You should try, if you haven't already, the Tibetan tea with yak butter and sometimes with tsampa flour too. The yak butter tastes a lot like a blue cheese. The trick is not to think of it as tea but as a fortifying soup; if you do that it's delicious!

                                    1. re: Brian S

                                      never had the tibetan tea. i suppose i could attempt to make it-- i know a few yak farmers so i could arrange for yak butter and try it. what type of tea leaf would you use for the correct taste? also, what is tsampa flour? i don't think i'm familiar with that--does it thicken liquids like wheat flour? tia.

                            2. I've been adding salt to the grounds since I was old enough to drink coffee. Never tried it in the actual brew though.

                              1 Reply
                              1. re: dakota4real

                                This is an old southern secret that has been in families for hundreds of years. It can bring out a level of flavour that is unsurpassed.

                              2. The problem is that salt does not improve the flavor enough to merit the possibility of hypertension. When you're young and full of piss and vinegar (or salt and coffee) this does seem real but, trust me, it can be a reality later on.

                                1 Reply
                                1. re: spm

                                  Coffee to die for? No, since I'm guessing people add less than 50 mg of salt per cup.

                                2. I've been adding salt to my grounds for 20 years at least. I think the salt helps to buffer the acidity in the brew making the flavor of the coffee stand out. Starbucks can be so bitter and the salt helps enourmously.

                                  1. Salt not only adds flavor, it removes bitterness. That seems to be the principle here. I heard that on a story several years ago, and always remembered it. I found that a couple grains can do the trick.

                                    That also explains its use with grapefruit and others.

                                    1 Reply
                                    1. re: Steve Simpson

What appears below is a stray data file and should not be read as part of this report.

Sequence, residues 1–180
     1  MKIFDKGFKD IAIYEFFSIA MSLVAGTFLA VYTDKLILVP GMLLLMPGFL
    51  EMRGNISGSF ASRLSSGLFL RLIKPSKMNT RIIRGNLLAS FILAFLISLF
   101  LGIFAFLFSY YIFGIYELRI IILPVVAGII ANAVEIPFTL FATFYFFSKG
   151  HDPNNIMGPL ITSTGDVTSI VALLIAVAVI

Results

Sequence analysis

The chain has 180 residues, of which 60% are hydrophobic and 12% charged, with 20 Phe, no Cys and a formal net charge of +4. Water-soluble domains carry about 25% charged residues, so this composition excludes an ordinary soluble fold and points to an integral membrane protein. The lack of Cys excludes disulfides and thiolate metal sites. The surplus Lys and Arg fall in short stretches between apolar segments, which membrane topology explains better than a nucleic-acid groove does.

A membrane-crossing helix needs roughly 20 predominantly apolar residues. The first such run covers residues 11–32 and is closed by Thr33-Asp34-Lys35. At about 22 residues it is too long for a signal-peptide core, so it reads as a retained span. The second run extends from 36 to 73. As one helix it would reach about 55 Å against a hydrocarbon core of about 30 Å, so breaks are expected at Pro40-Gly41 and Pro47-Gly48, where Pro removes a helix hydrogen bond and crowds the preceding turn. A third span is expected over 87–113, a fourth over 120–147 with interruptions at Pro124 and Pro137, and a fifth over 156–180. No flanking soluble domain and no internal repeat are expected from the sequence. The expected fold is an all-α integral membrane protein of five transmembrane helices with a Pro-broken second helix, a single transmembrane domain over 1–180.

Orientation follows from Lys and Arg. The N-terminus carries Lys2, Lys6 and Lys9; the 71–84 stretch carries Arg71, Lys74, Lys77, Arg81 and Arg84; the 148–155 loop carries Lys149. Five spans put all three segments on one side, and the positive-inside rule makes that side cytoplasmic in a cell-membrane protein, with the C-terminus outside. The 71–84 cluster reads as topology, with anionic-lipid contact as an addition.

nothing better then smell of campfire smoke, fresh boiled coffee with pinch of salt and egg shells when the sun is coming up. I feel sorry for you New York City folks when the Food Police came banging on your door for salted coffee.

                                    2. I use a dash of table salt in strong or bitter coffe (as in Satrbucks) to cut the bitterness/acidy taste. I never use it in weak brew (Dunkin Donuts).

                                      At home, If I make a pot for guest I use a pinch of salt in the grfounds. For myself (the only coffee drinker in the house) I use a Keurig, so I add a dash of salt to the cup if making a French Roast or other strong blend.

                                      I also add a dash of salt to Expresso, along wioth the lemon peel. I was taught to do this more than 454 years ago when I was given my first cup of expresso by an *% year old Italian Tailor who worked fro my father and grewed it in the shop.

                                      1. Salt -- on the grinds -- is what I use if I'm forced to use inferior coffee for one reason or another. I don't think I'd actually put the salt into my coffee cup, however.

                                        Usually, I'm making coffee at home or at work and I have good coffee there so I don't add the salt.

                                        1 Reply
                                        1. re: shaogo

                                          If I recall, salt is a base, and therefore acts to balance out the acidity of the coffee, making it taste more mellow.

                                        2. Next time I order McD's coffee I'll pick up a little salt packet and try this.

                                          The instant coffee I use sometimes at home is a brand produced in Germany and tastes salty compared to US brands.